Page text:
The universe is a mysterious place. We don’t know why it exists, and how there are so many unanswered questions about it. But what if it was intentionally created by an intelligent entity? Is there any way that we can find out?
In 2005, a pair of physicists proposed that if there were a creator, they could encode a message in the background radiation of the universe, when light was scattered as it flowed freely through space in the first place. This light is called cosmic microwave background (CMB).
Now, astronomers Michael Hippek and Breakthrough Listen at the Sonnenberg Observatory in Germany have traced the message, translating it into a binary bitstream of temperature change in the CMB.
What he has recovered seems completely meaningless.
The paper describing Hippack’s methods and results has been uploaded to the pre-print server RXIV, (and has not yet been peer-reviewed); The work includes extracted bitstreams so that other interested parties can study it for themselves.
The cosmic microwave background is an incredibly useful resort in the early universe. This is about 380,000 years after the Big Bang. Before that, the universe was completely dark and opaque, so hot and dense that it could not form atoms; Protons and electrons were flying around in the form of ionized plasma.
As the universe cools and expands, prot protons and electrons can combine to form neutral hydrogen atoms, which we call the age of reconstruction. The space has become clearer, and the light can move freely through the first.
This first light is still recognizable today, albeit very ignorantly, making all familiar places difficult. That is CMB. Since the universe was not uniform at first, density variations in the CMB temperature fluctuated very slightly in the pre-reconstitution era.
Because of this ubiquity, Stephen Hu, a theoretical physicist at the University of Oregon, and Anthony G., a Santa Barbara at the University of California, argued – entirely theoretically – that the CMB would create a perfect billboard with a message that would be visible to everyone in the universe.
As they wrote in the 2006 paper, “Our work does not in any way support the movement of intelligent design,” but they ask, and try to answer, the complete scientific question of what the medium and the message might be if there really was a message. “
They suggested that a binary message could be encoded with a change in temperature in the CMB. Hippie tried to find it – first addressing Su and G’s claims and then using data to try and find a message.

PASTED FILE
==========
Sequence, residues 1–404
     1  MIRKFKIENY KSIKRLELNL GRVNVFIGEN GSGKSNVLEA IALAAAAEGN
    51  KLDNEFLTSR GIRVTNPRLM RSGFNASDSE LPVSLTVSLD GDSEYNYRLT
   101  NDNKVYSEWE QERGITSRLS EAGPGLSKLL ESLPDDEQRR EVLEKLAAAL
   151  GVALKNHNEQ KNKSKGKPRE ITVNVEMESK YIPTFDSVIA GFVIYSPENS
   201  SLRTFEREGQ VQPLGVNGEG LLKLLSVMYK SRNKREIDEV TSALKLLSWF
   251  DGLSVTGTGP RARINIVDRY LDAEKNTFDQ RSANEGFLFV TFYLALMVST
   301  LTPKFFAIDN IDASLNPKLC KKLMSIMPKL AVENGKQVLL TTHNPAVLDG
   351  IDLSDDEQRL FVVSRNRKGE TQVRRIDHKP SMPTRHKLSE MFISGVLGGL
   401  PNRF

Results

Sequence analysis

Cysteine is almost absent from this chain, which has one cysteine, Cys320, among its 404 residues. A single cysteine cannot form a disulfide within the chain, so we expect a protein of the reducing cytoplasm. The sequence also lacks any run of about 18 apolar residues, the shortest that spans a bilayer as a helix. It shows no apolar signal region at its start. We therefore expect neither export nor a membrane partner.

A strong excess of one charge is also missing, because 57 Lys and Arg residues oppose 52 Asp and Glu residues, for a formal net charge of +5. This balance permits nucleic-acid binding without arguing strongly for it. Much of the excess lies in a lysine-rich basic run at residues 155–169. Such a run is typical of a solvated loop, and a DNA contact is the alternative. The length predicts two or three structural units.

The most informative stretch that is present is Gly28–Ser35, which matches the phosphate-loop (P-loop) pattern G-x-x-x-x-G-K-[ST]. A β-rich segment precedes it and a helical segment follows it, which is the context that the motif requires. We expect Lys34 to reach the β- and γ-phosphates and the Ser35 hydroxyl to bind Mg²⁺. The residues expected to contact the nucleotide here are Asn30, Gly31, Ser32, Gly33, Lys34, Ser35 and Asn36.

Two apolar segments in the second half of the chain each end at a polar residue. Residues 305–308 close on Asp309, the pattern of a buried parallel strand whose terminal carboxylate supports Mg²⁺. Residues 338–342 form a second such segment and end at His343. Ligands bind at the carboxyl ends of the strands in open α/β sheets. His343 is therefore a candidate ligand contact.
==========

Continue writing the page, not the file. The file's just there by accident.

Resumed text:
“[Hsu and Zee’s] The assumptions were, first, that some evolving universe was being created. Second, the Creator actually wanted to let us know that the universe was created on purpose, “wrote Hippie.
“Then, the question is: how will they send a message? CMBE is the obvious choice, because it is the largest billboard in the sky, and visible to all technological civilizations. The CMBE will be identical to all observers throughout space and time (Thousands of bits).
Hippies have been found with these claims, there are several problems. The first is that the CMB is still cooling. It started at about 3,000 Kelvin; Now, 13.4 billion years later, it is 2.7 Kelvin. As the universe continues to age, CMB will eventually become exploratory. This could take another 10 duodecillion years (10)40), But the CMB will fade.
Excluding this, physicists, in response to Hu & G’s 2006 study, found that CMBs were unlikely to appear to different observers in exactly the same places in the sky. Hippoc also has the argument that we can’t see the whole CMB because of the foreground emissions from the Milky Way. And there is only one sky for our measurement, which we present an innate statistical uncertainty in every cosmic observation.
Based on these limitations, Hippie estimates that the data content will be much lower than what Su and G proposed – only 1000 bits. This gave him a better framework for the actual search for the message.
Both the Planck Satellite and the Wilkinson Microwave Anisotropy Probe (WMAP) monitored and recorded temperature fluctuations in the CMB. It was from these datasets that Hippie extracted its bitstream, comparing search results with matching bits with each dataset.
The first 500 bits of the message are illustrated below. The black values were the same in both the Planck and WMAP datasets and were considered accurate with 90 percent probability. Value of red deviation; Hippie Planck chose the values and they are correct with a 60 percent probability.
By changing the values he got, the situation did not improve. Searching the on-line encyclopedia of integer sequences did not yield any credible results, nor did it move the data towards approximate future.
Hippie writes, “I don’t get any meaningful message in the actual bit-stream.
“We can conclude that there is no clear message in the CMB sky, yet it remains unclear whether there was a creator, whether we live in simulation, or whether the message was printed correctly in the previous section, but we failed to understand it.”
Whether or not any of these options exist, we at CMB have much more to say, as was nicely mentioned in the 2005 response to Su and G.
“The CMB encodes a lot about the structure of the sky universe and possibly the nature of physics at high energy levels,” wrote Douglas Scott and James Jibin, physicists at the University of British Columbia.
“The universe has left a message of our own.”
The hippocampus paper can be read in its entirety in RXIV.